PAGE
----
Utah asked the U.S. Supreme Court on Wednesday to issue an emergency order that would prevent the state from recognizing the marriages of thousands of gay and lesbian Utahns, because the state believes it will ultimately prevail in its fight to revive a ban on such unions.
If it does, the state wrote, Utah will do “everything possible” to enforce the law. That means effectively nullifying the more than 1,000 unions gay and lesbian Utahns entered into during a 17-day window when such weddings were legal.
“If Utah’s laws are struck down, Utah will recognize [same-sex couples’] interim marriages,” wrote the state’s hired counsel Gene C. Schaerr. “If Utah’s laws are upheld, Utah will do everything possible to comply with them.”
Utah continues to defend its right to define marriage as a union between one man and one woman on two fronts — in the historic Kitchen v. Herbert case that toppled the state’s ban on same-sex unions in December, and in a newer Evans v. Utah suit, in which several gay and lesbian couples have challenged the state to recognize their Utah marriages.
Should married same-sex couples be allowed to apply for spousal benefits before the 10th Circuit has ruled on Utah’s appeal in the Evans case, the state argued, the case itself is moot.
“The district court in this case erred in holding that [same-sex couples] are entitled to an injunction now that directs Utah to recognize [same-sex couples’] interim marriages regardless of this court’s ultimate decision in Kitchen,” Schaerr wrote. “Absent a final decision by an appellate court of last resort declaring Utah’s marriage laws unconstitutional, the democratically produced decisions of Utah’s citizens should not be overturned based on the discretion of a single federal district judge unchecked by subsequent appellate review.”
It is for that reason, Schaerr wrote, the Supreme Court must issue a stay to protect the state’s status quo.
If the high court declines to intervene, more than 1,000 same-sex marriages performed in Utah during a brief window when such unions were legal will be eligible for spousal benefits at 8 a.m. Monday.
Time, the state wrote, is of the essence.
The U.S. Supreme Court “will soon have the final, dispositive word on the important issue of who gets to decide how to define marriage: the people of a state participating in the democratic process, or the federal courts,” Schaerr wrote. “If allowed to stand, the district court’s decision in this case will severely limit [the Supreme Court’s] ability to grant complete relief if it reverses the Kitchen decision. ... This court will only be able to ensure that the democratically expressed will of Utah’s people is respected in the future; it will not be able to ensure that the people’s will is respected as to the interim marriages that occurred before this court stepped in and stayed the Kitchen injunction.”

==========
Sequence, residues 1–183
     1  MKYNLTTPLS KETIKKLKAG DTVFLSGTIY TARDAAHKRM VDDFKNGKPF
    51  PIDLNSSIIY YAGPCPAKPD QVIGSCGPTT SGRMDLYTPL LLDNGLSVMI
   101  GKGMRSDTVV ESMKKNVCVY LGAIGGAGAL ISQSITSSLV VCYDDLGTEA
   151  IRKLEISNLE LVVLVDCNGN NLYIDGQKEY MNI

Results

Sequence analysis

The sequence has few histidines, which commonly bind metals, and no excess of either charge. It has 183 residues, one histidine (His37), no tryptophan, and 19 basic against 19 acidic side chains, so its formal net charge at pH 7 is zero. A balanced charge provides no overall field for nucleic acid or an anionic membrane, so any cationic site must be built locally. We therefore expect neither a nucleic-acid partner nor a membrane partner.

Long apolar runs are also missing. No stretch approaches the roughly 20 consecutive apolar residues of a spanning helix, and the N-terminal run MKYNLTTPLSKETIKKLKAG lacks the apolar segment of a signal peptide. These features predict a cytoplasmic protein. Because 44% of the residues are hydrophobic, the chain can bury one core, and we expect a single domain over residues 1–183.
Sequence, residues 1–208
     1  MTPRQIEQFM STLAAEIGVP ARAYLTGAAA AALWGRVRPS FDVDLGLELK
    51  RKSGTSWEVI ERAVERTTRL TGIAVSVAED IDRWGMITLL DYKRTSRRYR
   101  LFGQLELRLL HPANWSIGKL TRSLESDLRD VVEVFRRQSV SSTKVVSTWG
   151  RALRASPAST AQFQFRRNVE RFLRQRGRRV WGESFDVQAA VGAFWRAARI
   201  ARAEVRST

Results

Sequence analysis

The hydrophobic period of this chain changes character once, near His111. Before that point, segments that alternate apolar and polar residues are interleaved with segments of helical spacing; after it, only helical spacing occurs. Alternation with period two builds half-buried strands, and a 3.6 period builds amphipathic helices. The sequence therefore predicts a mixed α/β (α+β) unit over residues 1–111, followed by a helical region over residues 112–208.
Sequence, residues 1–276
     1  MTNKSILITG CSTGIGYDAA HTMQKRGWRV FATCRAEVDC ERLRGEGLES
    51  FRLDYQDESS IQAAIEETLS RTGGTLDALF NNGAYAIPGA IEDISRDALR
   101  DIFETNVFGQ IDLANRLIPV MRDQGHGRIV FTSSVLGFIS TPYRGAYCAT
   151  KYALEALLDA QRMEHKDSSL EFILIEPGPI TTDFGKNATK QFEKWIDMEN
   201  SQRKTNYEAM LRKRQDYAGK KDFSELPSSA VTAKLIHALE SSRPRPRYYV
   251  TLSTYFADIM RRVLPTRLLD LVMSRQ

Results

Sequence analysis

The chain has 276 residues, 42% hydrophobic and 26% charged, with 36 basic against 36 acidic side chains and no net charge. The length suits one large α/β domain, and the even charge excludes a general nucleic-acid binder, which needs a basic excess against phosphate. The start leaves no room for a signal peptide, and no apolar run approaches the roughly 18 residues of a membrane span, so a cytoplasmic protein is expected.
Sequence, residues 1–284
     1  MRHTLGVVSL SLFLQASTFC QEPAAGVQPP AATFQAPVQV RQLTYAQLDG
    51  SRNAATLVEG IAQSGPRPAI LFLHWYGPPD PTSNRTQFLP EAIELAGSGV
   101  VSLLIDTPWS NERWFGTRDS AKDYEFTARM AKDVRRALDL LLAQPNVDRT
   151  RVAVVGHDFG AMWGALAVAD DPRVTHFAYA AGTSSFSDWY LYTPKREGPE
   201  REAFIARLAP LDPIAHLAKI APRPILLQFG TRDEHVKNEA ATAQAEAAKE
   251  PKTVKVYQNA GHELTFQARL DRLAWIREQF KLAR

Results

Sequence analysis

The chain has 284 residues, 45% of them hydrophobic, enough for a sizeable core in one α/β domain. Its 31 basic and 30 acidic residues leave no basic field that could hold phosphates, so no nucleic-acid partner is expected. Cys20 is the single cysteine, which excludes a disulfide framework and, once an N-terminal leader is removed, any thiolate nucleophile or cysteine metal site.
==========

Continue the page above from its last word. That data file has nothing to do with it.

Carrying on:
The emergency application filed with Justice Sonia Sotomayor, who oversees the federal court circuit of which Utah is a part and who, in January, halted the issuance of marriage licenses to same-sex couples in Utah after 17 days of marriages.
In its brief Wednesday, Utah expressed confidence about its chance of reviving a voter-approved ban on same-sex marriage that has been ruled unconstitutional by two federal courts.
The most recent court to declare Utah’s embattled Amendment 3 a violation of the federal Constitution was the 10th Circuit Court of Appeals.
A panel of three judges, who heard, and ultimately ruled, in Utah’s historic Kitchen v. Herbert lawsuit — which first toppled the state’s ban on same-sex marriages on Dec. 20, 2013 — subsequently denied Utah’s request to indefinitely stop married gay and lesbian couples from applying for benefits until all litigation was settled.
Judges Carlos F. Lucero and Jerome A. Holmes authored the succinct denial without offering an analysis of their reasons.
But, in denying Utah’s request, the judges declared the state failed to prove it would suffer irreparable harm in recognizing the marriages and didn’t demonstrate that the state is likely to prevail in its appeal.
In Utah’s brief to the U.S. Supreme Court, Schaerr wrote that there was “a certainty” of harm being done to the state in denying it the right to enforce its own laws and undergo the judicial process of appeal.
“Absent a stay,” Schaerr wrote, “the state and its people will also suffer severe harm to their sovereign dignity.”
Last week, one appeals judge, Judge Paul J. Kelly, wrote a dissent, backing the state’s right to judicial resolution and arguing that allowing gay and lesbian couples’ marriages to be imbued with rights would undermine the appeals process.
“In denying a stay pending appeal, this court is running roughshod over state laws which are currently in force,” Kelly wrote. “It is disingenuous to contend that the state will suffer no harm if the matter is not stayed; undoing what is about to be done will be labyrinthine and has the very real possibility to moot important issues that deserve serious consideration.”
Utah also asserted that because marriage is not a right overtly named in the U.S. Constitution, and same-sex marriage was only found to be covered under the Fourteenth Amendment by U.S. District Judge Robert J. Shelby less than seven months ago, the plaintiffs cannot argue that they are being denied their right to marriage because Shelby’s ruling is still in contention.
If Sotomayor refuses to intervene, the state wrote, it will seek relief from the full U.S. Supreme Court.
The American Civil Liberties Union, which represents the four plaintiff couples in the Evans case, has said they are also prepared to file a brief to the Supreme Court, urging the nine justices to allow the 10th Circuit’s temporary hold to expire — and thousands of couples to begin applying for state benefits.